Solar Energy and Global Poverty Reduction

One in five people, roughly 1.3 billion globally, do not have access to electricity that would improve health and education while decreasing poverty. In sub-Saharan Africa, the proportion of individuals lacking electricity rises to seven out of 10. Right now, 225 million people in sub-Saharan Africa rely on health facilities that have no electricity, and

2018-04-23T09:21:52+00:00 Tags: |

Hurricane Harvey: Most fatalities occurred outside flood zones

A Dutch-Texan team found that most Houston-area drowning deaths from Hurricane Harvey occurred outside the zones designated by government as being at higher risk of flooding: the 100- and 500-year floodplains. Harvey, one of the costliest storms in US history, hit southeast Texas on 25 August 2017 causing unprecedented flooding and killing dozens. Researchers at

2018-04-21T08:04:24+00:00 Tags: |

Portugal is showing that ambitious renewable energy goals are within reach

Portugal's energy system operator had some interesting news to share once March had closed out. It seems that even as Portugal's monthly energy consumption increased 9.7 percent compared to March 2017, the country produced enough renewable energy (just over 4,800Gwh) to exceed its energy demand (just over 4,600Gwh). This doesn't mean Portugal avoided fossil fuel

2018-04-18T08:14:48+00:00 Tags: |

Canadian Pension Fund Fuels India’s Largest Renewable Energy Deal

Earlier this month, ReNew Power Ventures Limited became India’s largest renewable energy developer following the acquisition of another renewable energy developer. Canadian pension funds had a major role in this landmark transaction. The Canada Pension Plan Investment Board (CPPIB) invested $247 million in ReNew Power to support the acquisition of Ostro Energy. This is the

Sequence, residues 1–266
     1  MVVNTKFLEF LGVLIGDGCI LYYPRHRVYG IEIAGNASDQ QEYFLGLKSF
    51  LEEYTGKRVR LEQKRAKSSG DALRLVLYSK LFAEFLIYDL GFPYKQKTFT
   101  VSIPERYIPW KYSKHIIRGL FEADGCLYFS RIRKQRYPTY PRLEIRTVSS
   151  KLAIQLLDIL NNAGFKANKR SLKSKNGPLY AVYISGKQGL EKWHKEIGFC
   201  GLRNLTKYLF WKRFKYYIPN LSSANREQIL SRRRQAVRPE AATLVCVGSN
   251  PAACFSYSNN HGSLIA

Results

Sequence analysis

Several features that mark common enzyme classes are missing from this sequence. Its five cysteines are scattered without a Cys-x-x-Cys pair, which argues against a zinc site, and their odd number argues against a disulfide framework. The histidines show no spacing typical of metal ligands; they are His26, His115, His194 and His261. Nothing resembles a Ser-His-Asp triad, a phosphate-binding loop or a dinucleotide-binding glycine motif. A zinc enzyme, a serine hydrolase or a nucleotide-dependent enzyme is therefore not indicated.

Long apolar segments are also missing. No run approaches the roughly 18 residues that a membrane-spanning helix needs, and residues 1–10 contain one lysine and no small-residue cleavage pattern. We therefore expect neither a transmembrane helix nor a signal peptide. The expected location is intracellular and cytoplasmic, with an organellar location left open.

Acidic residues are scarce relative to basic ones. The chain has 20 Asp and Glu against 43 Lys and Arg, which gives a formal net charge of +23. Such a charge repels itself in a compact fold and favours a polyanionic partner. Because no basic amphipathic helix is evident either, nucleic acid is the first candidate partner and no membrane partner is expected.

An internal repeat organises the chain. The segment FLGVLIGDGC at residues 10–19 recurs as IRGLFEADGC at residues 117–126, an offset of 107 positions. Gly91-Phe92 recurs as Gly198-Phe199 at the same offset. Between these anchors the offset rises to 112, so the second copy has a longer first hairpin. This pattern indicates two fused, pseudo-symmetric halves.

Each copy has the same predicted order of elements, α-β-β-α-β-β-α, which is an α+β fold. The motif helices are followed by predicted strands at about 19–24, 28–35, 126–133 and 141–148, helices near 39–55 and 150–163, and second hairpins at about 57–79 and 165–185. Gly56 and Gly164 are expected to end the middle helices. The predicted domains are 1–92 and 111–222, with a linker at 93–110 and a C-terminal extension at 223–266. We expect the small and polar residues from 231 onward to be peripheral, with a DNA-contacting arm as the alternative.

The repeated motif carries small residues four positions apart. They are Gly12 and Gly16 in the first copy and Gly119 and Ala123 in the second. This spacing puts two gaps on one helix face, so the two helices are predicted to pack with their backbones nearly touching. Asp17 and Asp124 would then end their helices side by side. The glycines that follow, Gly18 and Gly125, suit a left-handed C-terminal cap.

2018-04-18T08:02:23+00:00 Tags: |

The Secret To Protecting Places Vulnerable To Climate Change

Individuals living in the most vulnerable areas around the globe are already familiar with the daily effects of climate change, and for small island nations like the Seychelles in the Indian Ocean, the impacts are devastating. Widespread coral die-off from warmer ocean temperatures compounds the issue: As coral reefs die, they are less effective as a

Logging Tropical Forests Jeopardizing Drinking Water

Globally, remaining tropical forests are being rapidly cleared, particularly in countries like the Solomon Islands where commercial logging accounts for about 18 percent of government revenue, and at least 60 percent of exports while providing the largest number of formal sector jobs. However, the loss of native forests has huge ecological and social consequences, many

2018-04-16T14:24:52+00:00 Tags: |

Removing pharmaceutical residues from wastewater

A doctoral dissertation to undergo a public examination at Lappeenranta University of Technology (LUT) examines  the removal of harmful organic substances, such as pharmaceutical residues, energy efficiently from wastewater using only electricity. According to practical tests, pulsed corona discharge (PCD) may significantly reduce the environmental burden of pharmaceutical residues. According to the pilot tests in

2018-04-16T07:36:18+00:00 Tags: |

East-west divide between moist and arid parts of U.S. may be shifting

In 1878, the American geologist and explorer John Wesley Powell drew an invisible line in the dirt—a very long line. It was the 100th meridian west, the longitude he identified as the boundary between the humid eastern United States and the arid Western plains. Running south to north, the meridian cuts northward through the eastern states of Mexico, and on to Texas, Oklahoma, Kansas, Nebraska,

2018-04-14T07:19:16+00:00 Tags: |

The Road Ahead for Solar PV Power

Over the past decade, solar photovoltaic (PV) power has experienced dramatic deployment growth coupled with substantial decreases in system prices. This article examines how solar PV power is currently positioned in the electricity marketplace and how that position is likely to evolve in the foreseeable future. We first assess the current cost competitiveness of solar